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OK Zimbabwe is looking to its new self-managed in-store bakeries to drive up margins in a bid to improve the retailers profit line. The retailer is establishing in-store bakeries, 25 of which will be fully functional by September this year. OK Zimbabwe chief executive Mr Willard Zireva told the annual general meeting yesterday that in-store bakeries are expected to move margins of up to 40 percent compared to 11-12 percent realised from bakery products purchased from external suppliers.

He said the new initiative will drive “good” profit for the company.

“It’s going to be tough but we have to do our best to survive and deliver value for the business,” said Mr Zireva.

The in-store bakeries will cost about $100 000 each depending on the store.

“Some of the stores already have the infrastructure some we bought from previous operator Innscor Africa so the costs vary from store to store,” said Mr Zireva.

The retailer is considering two opportunities for new stores one of which is in Harare.

Mr Zireva said the retailer is pressing ahead with the refurbishment programme of five branches from cash generated by the business.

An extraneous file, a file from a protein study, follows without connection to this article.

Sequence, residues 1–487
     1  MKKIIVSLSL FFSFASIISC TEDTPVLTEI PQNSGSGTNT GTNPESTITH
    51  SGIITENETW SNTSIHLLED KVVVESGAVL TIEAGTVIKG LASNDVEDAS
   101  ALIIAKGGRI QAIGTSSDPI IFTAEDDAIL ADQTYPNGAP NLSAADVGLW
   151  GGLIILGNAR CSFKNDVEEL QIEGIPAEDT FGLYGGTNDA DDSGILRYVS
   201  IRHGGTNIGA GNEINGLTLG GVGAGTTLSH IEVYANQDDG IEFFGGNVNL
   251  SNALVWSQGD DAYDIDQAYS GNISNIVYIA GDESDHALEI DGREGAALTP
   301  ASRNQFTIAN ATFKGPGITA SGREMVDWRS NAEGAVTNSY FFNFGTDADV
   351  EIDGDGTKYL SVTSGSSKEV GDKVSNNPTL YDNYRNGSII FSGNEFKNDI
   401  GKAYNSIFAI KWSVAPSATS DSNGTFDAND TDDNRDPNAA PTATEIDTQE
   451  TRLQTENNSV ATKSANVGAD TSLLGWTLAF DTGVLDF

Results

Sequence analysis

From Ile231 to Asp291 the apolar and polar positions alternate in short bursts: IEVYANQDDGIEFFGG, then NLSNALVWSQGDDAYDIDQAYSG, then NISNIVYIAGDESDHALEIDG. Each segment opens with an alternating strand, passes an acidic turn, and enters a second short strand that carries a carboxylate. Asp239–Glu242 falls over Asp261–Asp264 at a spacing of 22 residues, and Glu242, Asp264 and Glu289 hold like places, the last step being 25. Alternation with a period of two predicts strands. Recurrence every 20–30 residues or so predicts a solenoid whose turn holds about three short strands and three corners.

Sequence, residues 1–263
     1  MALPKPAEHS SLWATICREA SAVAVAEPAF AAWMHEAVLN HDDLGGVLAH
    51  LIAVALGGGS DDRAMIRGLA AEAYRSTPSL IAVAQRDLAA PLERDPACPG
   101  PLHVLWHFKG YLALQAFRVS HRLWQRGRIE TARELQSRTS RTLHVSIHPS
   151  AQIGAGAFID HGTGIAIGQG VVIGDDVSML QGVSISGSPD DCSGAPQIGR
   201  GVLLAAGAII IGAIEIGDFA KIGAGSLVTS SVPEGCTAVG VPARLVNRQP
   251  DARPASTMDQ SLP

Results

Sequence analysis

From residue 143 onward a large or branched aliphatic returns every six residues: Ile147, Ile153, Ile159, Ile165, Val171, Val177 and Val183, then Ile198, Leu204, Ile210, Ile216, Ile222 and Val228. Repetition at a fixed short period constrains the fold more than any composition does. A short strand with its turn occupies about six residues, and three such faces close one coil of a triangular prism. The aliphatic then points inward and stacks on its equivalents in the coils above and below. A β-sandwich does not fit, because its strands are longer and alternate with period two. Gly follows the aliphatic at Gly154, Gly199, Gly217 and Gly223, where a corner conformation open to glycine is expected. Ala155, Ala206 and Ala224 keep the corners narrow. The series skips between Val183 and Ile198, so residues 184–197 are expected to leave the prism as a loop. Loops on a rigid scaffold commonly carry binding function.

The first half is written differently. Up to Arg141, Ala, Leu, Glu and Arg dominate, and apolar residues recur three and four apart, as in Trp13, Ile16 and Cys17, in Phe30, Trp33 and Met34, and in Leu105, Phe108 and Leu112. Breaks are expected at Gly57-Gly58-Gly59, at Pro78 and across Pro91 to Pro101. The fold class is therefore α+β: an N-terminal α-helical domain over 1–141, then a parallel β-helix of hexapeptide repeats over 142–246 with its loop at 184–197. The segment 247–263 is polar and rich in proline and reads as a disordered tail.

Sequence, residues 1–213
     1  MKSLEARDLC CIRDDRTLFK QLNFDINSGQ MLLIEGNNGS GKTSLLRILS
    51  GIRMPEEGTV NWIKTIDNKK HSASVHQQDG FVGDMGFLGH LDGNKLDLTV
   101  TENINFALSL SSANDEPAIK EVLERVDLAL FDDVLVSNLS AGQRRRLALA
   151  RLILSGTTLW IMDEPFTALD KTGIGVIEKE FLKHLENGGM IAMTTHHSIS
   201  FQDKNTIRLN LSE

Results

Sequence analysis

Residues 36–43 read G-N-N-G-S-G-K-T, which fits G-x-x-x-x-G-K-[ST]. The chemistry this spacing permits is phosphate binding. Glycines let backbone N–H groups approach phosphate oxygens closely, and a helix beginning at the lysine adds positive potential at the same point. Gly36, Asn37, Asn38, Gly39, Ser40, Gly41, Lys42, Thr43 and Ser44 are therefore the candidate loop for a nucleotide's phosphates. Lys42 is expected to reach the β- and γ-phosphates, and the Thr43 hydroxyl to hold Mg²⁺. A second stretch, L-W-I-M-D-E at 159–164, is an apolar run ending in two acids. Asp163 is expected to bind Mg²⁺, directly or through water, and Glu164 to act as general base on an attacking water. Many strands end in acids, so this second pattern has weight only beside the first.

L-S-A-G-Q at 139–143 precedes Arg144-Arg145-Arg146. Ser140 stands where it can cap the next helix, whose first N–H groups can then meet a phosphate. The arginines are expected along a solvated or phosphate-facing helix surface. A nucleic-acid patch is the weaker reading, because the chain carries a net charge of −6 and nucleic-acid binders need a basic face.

Two of the stores are done one was opened two days ago while another one was opened yesterday, according to Mr Zireva.

The company is in talks with its landlord to expand the Houghton Park store while the Mbuya Nehanda store, which is ‘tired’, is also earmarked for refurbishment.

Overheads for the quarter were three percent down on the comparative period last year. Full year to March 2014 overheads were 6.3 percent at 69,4 million from $65,2 million in the previous year.

In the year to March OK Zimbabwe turned in $483,7 million from $479,6 million, a marginal 0,8 percent rise on the 2012 figures.

The number of outlets operated by the group increased to 59 from the 54 operated in 2012. Five new stores were opened while one store was closed in the year to March.

In the annual results statement Mr Zireva said tight liquidity in the economy and lack of capital at most local companies continued to limit manufacturers’ capacity to produce at levels adequate to supply the market.

“As a result most of the products sold in the stores continued to be imported with South Africa being the main source,” said Mr Zireva.

Source : The Herald

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